Digital painting a pencil sketch - step by step

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Here's a step by step I wrote a few months ago. I haven't posted it around, frankly I am a bit ashamed cos I feel I am a hack when it comes to art (never spend too much time with my art fundamentals). But I'm looking for feedback anyway. Thanks in advance.


Painting Cassy's Face

1.

FaceTut1.jpg

I didn't define her face too well in the sketch, so I have some work to do here. I start by sculpting in the major planes, keeping the palette tight.

I added just tinge of red to give her skin a little flush, and I didn't go too dark. Don't want the colors to go out of control too early on. The eyes were blocked in with a cool base to pop them out the face. A little warm vs. cool contrasting here.

2.

FaceTut2.jpg

Changed some things I didn't like. Her face was looking chubby, so I brought her chin down a bit, and gave her almond shaped eyes. I drew in the outline with a cool near-black color to back up the base color, and to give them punch. Also drew in her nostrils.

When drawing in features, I like to start by indicating the darkest areas of the t-zone, the area of the face covered by the eyes, nose, and mouth. I p corners of the mouth, the nostrils, the upper eyelid, and the pupil. Plot those down right, and you should have a solid foundation to build on.

Check this out:

Here's a face. It's easier to evaluate in grayscale.
T-zone-BW.jpg

Look what happens when you push the values to the extreme. This is your roadmap.
T-zone-amped-BW.jpg

These gray areas around them are secondary.
T-zone-secondary-BW.jpg

Of course, it really depends on the lighting in the picture. And then it's a matter of how hard you push those contrasts.

3.

FaceTut3.jpg

Nothing much happens here, just committing the shape from the last step, softening the shadows around the dark areas. I generally work dark to light, transparent brushes (5%-20%)for laying down shadows, opaque brushes for drawing in highlights. And I paint opaque over transparent, or "fat over lean" as much as I can.

I gave her fuller, heart-shaped lips. I used a picture of Rachel Urd-Wood for reference, she has very pretty features, and being only 13, I think is the perfect template for this character. Cute face.

4.

FaceTut4.jpg

Here's fat over lean in action. Dabbed in the initial highlights using a lighter shade of the flesh color with a little yellow and white mixed in. Notice how the highlights "cut" into the darker areas. I apply highlights with a high opacity (70-90%). Blacked in the eyes, again because I like working from a dark base, but in hindsight maybe using black was overkill. For this stage, sculpting the all the features into an arrangement I like is my main objective.

I also brushed in some dark pinks over her nose and lips using very low opacity, to add some variety to the skin tone. Yeah, yeah, so she looks like she has the sniffles....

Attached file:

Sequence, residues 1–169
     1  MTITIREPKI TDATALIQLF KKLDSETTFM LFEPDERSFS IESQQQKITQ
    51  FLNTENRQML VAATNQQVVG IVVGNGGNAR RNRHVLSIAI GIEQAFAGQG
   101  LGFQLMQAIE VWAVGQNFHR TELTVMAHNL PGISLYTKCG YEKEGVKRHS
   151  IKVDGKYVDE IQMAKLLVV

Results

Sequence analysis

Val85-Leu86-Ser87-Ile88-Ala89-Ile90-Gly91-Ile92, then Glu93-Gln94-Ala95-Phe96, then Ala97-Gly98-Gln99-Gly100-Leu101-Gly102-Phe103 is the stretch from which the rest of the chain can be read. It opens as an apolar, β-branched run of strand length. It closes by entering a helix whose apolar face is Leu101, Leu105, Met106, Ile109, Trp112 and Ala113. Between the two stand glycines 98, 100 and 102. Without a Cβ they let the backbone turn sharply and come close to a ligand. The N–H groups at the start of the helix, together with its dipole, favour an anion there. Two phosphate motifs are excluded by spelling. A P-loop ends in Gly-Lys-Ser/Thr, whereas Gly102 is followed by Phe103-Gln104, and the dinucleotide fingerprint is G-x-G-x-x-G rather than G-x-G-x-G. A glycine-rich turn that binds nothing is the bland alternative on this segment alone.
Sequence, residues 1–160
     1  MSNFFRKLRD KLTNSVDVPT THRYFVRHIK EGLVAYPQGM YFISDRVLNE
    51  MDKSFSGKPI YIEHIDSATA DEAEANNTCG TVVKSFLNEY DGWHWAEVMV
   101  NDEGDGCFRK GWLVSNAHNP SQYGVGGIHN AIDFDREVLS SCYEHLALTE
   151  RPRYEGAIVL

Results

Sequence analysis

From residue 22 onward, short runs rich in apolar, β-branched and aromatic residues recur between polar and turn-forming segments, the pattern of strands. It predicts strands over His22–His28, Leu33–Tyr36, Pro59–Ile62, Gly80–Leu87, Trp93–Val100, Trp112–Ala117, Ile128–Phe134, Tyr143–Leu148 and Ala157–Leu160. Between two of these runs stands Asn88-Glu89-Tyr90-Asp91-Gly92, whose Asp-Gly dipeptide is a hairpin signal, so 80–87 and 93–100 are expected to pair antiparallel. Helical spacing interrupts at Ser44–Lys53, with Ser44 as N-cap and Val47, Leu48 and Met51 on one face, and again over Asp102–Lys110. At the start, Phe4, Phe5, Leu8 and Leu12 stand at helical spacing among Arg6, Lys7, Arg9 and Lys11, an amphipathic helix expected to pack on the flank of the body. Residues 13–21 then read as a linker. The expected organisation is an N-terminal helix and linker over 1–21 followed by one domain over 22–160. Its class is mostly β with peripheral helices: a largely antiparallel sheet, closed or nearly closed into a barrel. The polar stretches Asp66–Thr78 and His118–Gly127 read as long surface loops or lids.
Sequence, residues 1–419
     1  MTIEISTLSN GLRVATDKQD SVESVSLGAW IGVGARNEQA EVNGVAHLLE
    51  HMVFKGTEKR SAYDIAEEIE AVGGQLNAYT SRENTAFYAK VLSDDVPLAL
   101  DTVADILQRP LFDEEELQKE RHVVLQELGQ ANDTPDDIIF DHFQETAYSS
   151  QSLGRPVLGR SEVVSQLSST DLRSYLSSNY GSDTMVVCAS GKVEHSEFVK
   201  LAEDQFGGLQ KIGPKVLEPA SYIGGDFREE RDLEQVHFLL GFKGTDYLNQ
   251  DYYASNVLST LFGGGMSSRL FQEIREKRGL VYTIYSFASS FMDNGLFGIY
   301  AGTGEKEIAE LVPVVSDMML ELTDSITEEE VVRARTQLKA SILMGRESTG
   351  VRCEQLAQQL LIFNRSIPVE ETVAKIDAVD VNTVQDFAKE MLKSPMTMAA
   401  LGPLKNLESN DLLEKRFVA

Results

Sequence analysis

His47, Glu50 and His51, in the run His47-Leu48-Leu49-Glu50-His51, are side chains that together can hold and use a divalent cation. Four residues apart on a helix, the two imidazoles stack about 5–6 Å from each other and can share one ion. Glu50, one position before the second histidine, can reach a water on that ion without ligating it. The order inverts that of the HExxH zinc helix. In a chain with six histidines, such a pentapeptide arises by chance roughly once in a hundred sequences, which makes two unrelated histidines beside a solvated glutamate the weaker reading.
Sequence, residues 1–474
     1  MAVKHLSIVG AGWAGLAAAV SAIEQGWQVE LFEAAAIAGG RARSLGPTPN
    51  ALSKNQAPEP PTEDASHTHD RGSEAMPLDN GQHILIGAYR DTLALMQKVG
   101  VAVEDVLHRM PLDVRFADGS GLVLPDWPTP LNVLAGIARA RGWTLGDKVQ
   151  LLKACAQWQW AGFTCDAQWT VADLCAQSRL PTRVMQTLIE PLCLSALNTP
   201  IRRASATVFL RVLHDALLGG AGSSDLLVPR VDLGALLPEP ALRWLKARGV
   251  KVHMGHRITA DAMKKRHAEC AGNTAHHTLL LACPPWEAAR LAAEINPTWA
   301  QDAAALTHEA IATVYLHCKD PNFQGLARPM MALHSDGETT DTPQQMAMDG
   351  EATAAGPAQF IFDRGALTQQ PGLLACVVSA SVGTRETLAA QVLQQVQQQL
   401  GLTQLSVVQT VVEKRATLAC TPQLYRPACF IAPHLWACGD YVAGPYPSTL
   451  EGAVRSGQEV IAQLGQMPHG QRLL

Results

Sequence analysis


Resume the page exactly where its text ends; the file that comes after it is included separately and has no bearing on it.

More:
5.

FaceTut5.jpg

Now to get down to details. Very often it's a good idea to start painting from the eyes outwards. The eyes hold 50% or more of the viewer's gaze. Get that part right, and technically you're half done! I wasn't feeling too sure about green eyes, so I searched for a reference picture.

greeneye.jpg
Perfect! When in doubt, use reference.

As for values, I'm going back and forth now, glazing on dark pinks and dabbing on hot highlights, picking colors from the mixing palette. Again, I am sculpting her face, picturing the planes in my head. Here's an example of the kind of visualization you should be doing. (Hogarth example)

I also painted the ear, same process, but in 5 minutes. Hehe. I really did forget to color it in earlier. And the neck got some shadow cast on it, just to leave the face for a bit.

6.

FaceTut6.jpg

After sitting back and evaluating her face, I thought the look was too angular, so I softened her features by moving around the edges of the planes, especially along her cheeks. Past that, most of the painting here was done around the mouth (since I brought the eyes to about 80%). Eyes, then mouth, is the order I like to work. I feel they are the defining features of a typical human face. Here is a classic example:

smiley.jpg
Case in point!

I eased up on the shadows around her smile line to make her grin more subtle, by brushing my base color very lightly over the shadows. I am pretty satisfied so I leave the face for now.

7.

FaceTut7.jpg

Here is the picture at about 90% done. Not too much has changed. I darkened the overall color, and added near-white highlights in areas to give it punch. Try not to go overboard with the brightest highlights, and leave them as the last step, so they stay clean and crisp. I also framed her face in shadow. Adorable, isn't she??


Certainly not finished, but that is my process in a nutshell! Hope you likes!

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